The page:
Neema Avashia, a longtime civics teacher at the former McCormack Middle School, which recently merged with Boston Community Leadership Academy, said that when her school contacted the School Committee to advocate against the sale of the McCormack’s open fields to a local non-profit organization, he was told that school committees were not allowed to meet individually with voters. “There is no awareness,” Avashia said. “No one tries to understand the issues before voting.”
A mother at Manning Elementary School in Jamaica Plain, where at least 18 people recently tested positive for COVID-19, called the need for an elected school committee a “safety issue.” Bevin Kenney recently reached out to school board members for help in better understanding whether Boston Public Schools did all they could to prevent the virus from spreading in their school, but it only led to no help or action. “It doesn’t even look like they have a channel to address parent concerns,” she said.
City councilors had questions about how best to structure an elected committee and how many seats should be elected citywide and how many should represent districts as city councilors do. Murphy argued for three at-large seats and the remainder elected by districts. “Having raced all over town, I know how hard it is and how much money it costs,” she said.
If the city has an elected school committee but does not designate certain seats as district representatives, it “could result in a whiter, wealthier school committee,” said Beth Huang, executive director of the voter table. of Massachusetts, a nonprofit organization that works to increase voter turnout among low-income voters and people of color.
She pointed to the town of Lowell as a cautionary tale. After a 2017 federal lawsuit complaining that the citywide general election for school board and city council barred Latino and Asian residents from winning seats, the city was barred from using its city-wide electoral system.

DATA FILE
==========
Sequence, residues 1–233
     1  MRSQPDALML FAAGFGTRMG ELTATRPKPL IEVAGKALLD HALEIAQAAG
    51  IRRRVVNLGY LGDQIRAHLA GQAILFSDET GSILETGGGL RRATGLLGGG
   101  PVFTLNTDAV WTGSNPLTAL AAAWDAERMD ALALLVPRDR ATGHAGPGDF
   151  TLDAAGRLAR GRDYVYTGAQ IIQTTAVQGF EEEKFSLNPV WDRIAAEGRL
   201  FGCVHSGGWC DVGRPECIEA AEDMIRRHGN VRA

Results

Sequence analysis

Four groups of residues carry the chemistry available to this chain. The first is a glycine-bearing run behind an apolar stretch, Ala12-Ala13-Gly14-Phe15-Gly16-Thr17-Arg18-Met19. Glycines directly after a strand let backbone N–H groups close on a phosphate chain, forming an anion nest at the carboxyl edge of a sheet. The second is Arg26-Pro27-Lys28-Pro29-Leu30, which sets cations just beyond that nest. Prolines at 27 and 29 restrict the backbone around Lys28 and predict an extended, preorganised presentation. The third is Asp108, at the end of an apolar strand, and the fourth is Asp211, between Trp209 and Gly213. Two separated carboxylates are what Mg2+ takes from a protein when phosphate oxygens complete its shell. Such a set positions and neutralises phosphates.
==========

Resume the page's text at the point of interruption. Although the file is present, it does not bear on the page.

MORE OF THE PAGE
In the first two and a half hours of the hearing, only one intervenor raised difficult questions about changing the way school board members are selected. Pam Kocher, president of the Boston Municipal Research Bureau, a research organization focused on Boston municipal government, said the group is not yet taking a position on the issue, but she warned that electing school board members could not “ensure diversity” because elections tend to “reward those who are most vocal and have the most resources behind them”.
But many proponents of the change dismissed those concerns, saying Boston had become a different city than it was when the school board became an appointed body in 1992. They said the move to an elected school board was a civil rights issue.
“It’s really about restoring a right to vote that was taken away,” said Tanisha Sullivan, president of the Boston branch of the NAACP. “But having an elected school committee doesn’t make all the problems go away. It is a structure where we can, in a more committed way, fight against the problems.
Bianca Vázquez Toness can be contacted at email@example.com. Follow her on Twitter at @biancavtoness.